Cover and keep in a warm place for 45 minutes to let the dough rise.

Roll the dough out and place into a flat, large roasting pan. Two separate 9 inch square pans are good too. Just divide the dough in half. You want a ridge on the sides to provide a wall to hold the filling. The ridge should be about 1/2 inch high, then pour the onion and bacon mixture over the dough and spread it out to cover evenly. Optionally, you could sprinkle a little grated Swiss cheese over this if you like.

Pour the egg-sour cream mixture over the top, sprinkle the caraway seeds evenly and put it in the oven for 30-40 minutes, at which time it should be a lovely golden brown.

If you like pizza and/or quiche/pissaldiere and you know your onions, Zweibelkuchen is a pleasant, tasty diversion. Enjoy.

Monday, November 12, 2012


My spouse, the education tipster, taught for years on Long Island. This is an open letter written by one of her former students in Long Beach on the island, who is impacted by the terrible storm up there.

Please read this letter from a former student of Kathy. He has lost his home, business and two vehicles! Please consider donating to his fund at this site:

To my friends and family,
Thank you all for your well wishes and your prayers I deeply appreciate them. My friend Lisa has been good enough to post on here for me and today I'm in Rockville center for some Wifi, to post this.
So everyone understands, I'm appreciative of FEMA, the National Guard, and the Red Cross but the reality of the situation is that when this type of disaster happens the first responders, neighbors, and yourself are what will get you through. My day begins at 5:30 am when I get up and get myself, my son, and my dog ready. I power my cell phone on the car charger while we drive to get online for gas two towns away and fill up our gas cans and the car we are using. My car was submerged by the bay on Monday night. My mother is letting me use her car after the cars at my parent’s house were miraculously left untouched. After an hour wait for gas we see if we can grab a guilty luxury of hot coffee somewhere and maybe a newspaper to see if anyone can tell us when the power could be back.

My father will be at city hall at 9am. His usual routine is to ask questions and be told to talk to FEMA officials. When he asks where they are no one knows. The FEMA volunteers are giving out water and food today by the schools but anyone with answers will be available at some point later. I sat outside Starbucks in Rockville center to get WiFi and filled out my FEMA application on their website for my home and my business both of which are ruined. The house I will clean out on Monday but it is 17 miles away and I don't want to drive out there until I know gas will be easier to obtain. The business will only be given a loan at 4% and only after I go through my insurance. My insurance broker has been unreachable for the business and when I drive to Rockville center tomorrow for cell service I will try the main company. At best they will look at my store in 2weeks and most likely a month, not sure when FEMA will or what either will do or what I will qualify for, it's mostly just about waiting when it comes to either of them. I stop by home depot to try and get a kerosene space heater but they are sold out. I'm bummed. I wanted to buy one for my grandmother and my friend who have no heat other than their gas stoves. I stop at ACE and they are out too but just got kerosene fuel in so I buy two gallons just in case I get heater later.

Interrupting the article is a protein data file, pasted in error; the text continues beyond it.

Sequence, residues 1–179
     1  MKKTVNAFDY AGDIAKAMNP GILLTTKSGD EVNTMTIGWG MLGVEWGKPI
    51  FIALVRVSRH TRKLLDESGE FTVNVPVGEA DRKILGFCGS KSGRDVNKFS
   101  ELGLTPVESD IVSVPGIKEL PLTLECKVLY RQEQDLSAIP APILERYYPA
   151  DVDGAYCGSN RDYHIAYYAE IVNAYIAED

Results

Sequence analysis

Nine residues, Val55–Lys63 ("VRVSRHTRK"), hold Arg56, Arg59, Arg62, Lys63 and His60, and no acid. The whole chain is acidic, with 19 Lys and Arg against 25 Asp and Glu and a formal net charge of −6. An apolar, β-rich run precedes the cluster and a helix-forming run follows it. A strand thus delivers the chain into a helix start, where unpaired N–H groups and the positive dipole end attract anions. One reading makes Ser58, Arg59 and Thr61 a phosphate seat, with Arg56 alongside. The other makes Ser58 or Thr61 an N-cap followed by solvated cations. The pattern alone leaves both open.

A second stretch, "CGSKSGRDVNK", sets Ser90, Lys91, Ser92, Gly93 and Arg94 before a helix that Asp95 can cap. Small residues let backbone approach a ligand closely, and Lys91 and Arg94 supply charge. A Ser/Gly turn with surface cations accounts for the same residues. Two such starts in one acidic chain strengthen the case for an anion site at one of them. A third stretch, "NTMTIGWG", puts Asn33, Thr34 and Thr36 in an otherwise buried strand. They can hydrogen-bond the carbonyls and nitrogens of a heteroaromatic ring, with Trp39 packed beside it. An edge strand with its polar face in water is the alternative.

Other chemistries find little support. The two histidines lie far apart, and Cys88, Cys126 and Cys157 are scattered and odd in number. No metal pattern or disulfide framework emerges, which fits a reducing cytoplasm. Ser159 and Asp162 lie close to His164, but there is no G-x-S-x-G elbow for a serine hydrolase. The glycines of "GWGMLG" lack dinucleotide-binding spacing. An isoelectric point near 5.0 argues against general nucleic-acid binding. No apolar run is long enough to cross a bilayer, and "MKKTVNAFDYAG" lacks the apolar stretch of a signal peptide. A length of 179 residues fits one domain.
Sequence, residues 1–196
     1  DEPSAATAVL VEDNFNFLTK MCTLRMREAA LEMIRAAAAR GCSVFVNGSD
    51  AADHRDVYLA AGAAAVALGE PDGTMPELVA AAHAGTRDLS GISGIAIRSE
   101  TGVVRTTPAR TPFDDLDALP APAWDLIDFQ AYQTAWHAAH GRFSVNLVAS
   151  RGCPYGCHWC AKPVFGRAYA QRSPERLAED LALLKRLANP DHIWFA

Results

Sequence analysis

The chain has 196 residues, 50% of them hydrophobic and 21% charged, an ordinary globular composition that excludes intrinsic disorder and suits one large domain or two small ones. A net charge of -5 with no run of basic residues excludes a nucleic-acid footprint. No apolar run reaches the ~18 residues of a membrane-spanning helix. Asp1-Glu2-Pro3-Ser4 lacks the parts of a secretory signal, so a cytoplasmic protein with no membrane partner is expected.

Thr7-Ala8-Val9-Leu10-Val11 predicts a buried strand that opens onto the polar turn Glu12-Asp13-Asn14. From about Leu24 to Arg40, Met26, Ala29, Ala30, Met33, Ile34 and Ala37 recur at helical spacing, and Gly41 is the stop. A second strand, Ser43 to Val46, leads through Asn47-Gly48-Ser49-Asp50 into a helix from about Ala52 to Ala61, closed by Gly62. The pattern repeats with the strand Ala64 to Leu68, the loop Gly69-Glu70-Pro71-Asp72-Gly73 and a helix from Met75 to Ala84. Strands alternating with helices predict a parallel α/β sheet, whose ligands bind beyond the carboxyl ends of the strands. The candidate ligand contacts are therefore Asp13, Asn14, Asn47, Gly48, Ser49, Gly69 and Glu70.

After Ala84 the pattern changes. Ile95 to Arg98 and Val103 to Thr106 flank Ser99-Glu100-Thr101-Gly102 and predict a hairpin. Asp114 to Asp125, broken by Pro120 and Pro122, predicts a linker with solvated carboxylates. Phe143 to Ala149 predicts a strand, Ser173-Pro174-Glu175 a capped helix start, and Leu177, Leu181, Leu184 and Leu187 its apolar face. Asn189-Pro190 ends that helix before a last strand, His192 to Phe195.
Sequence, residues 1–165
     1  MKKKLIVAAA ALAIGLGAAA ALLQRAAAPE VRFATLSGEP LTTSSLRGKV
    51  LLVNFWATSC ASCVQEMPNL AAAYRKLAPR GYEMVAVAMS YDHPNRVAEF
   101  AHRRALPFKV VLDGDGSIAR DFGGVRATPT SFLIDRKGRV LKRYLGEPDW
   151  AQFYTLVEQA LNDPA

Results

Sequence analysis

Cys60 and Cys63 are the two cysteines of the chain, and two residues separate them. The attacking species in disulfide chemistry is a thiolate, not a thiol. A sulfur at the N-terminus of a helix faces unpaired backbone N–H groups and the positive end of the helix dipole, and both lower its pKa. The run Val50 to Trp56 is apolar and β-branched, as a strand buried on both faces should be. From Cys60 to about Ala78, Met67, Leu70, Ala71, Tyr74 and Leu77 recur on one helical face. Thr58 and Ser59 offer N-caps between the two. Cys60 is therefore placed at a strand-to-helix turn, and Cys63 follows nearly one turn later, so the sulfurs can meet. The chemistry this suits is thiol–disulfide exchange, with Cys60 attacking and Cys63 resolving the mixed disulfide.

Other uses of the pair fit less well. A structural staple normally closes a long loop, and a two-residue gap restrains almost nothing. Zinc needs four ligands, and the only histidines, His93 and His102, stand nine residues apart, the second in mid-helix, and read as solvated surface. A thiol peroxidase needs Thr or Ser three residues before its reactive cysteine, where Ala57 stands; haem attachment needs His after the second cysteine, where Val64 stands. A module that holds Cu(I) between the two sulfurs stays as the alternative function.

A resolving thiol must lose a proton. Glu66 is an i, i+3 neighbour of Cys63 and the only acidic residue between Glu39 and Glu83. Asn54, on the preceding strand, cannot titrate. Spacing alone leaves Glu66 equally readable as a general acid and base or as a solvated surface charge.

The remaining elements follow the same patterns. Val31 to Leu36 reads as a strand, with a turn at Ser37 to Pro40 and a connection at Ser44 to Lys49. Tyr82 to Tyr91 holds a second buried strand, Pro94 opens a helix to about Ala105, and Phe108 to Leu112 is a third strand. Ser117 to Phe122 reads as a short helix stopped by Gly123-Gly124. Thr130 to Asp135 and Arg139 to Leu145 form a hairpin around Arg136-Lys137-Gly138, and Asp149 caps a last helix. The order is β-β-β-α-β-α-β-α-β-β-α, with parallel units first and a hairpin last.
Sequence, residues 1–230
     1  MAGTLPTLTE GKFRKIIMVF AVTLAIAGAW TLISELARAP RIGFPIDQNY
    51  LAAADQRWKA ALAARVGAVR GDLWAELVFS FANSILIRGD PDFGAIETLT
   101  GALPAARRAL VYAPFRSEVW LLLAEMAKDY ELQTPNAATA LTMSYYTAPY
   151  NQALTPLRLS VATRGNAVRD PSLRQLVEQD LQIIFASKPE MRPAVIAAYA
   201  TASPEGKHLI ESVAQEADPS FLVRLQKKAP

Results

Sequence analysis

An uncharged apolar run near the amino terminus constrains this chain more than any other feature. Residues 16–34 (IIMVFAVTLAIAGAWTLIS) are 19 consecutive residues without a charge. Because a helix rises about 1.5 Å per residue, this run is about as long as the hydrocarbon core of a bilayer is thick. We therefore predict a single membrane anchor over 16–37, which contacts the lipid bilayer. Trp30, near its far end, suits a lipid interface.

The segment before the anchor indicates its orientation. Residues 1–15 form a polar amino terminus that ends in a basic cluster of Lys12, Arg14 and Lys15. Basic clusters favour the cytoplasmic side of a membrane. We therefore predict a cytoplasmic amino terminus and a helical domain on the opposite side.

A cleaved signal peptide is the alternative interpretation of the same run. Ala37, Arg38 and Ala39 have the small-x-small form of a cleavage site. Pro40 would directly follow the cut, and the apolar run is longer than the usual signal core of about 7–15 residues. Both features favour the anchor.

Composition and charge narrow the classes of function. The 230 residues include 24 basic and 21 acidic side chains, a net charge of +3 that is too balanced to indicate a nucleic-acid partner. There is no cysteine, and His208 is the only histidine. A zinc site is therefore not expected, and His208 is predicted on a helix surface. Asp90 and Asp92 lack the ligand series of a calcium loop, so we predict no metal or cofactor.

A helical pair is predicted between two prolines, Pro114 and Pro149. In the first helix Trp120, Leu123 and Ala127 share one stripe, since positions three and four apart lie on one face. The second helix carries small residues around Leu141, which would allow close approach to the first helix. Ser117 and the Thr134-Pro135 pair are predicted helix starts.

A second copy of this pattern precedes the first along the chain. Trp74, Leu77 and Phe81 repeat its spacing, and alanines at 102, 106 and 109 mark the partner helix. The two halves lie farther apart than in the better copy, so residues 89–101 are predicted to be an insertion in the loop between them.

We drop newspapers and gas off to my parents and then meet the kids They know I can't pay them for awhile and they still show up, to say I'm thankful would be an understatement, and their parents should be proud of the kind of kids they raised. My store is ruined. The floor and roof caved in the back and the floor is sinking in the front. The water rose past any barriers and flooded out the store, destroying

all the inventory including the early inventory we brought for Christmas. The florist case is destroyed and the flowers are rotting in the case. Every plant in my greenhouse was flooded with salt water, every bag of soil, and fertilizer is ruined. We put a forklift and Gerard's motorcycle in here for protection and both appear to be dead. The front of the greenhouse was smashed when the rising water brought pallets of soils from the back of the store to front, crashing them in to the benches that then pushed in the front wall of the greenhouse. The heating systems were destroyed and the pickup was flooded as well. Today we will work cleaning out the store till 3. I speak to my friend who owns the repair shop across the street. He asks me if he could buy some fire wood but I refuse his money and tell him to take what he needs. He lost everything in his shop. All his tools and equipment are gone. He got in touch with his insurance broker who told him he is covered for hazard but not flood. He doesn't want a loan to get back in business so he will take his own savings to reopen. He is a good man and I'm sorry for him. We had some people come in to buy firewood even after I warned them it needed days to dry out from the salt water and wet sand covering it. They didn't care. It broke my heart to turn one guy away when he didn't have cash, but there is no power for credit and we are down to three chords of wood. If I knew I could get more wood I would have given it to him but I can't get a hold of my wood guy. We finish cleaning and as we head out, I thank everyone.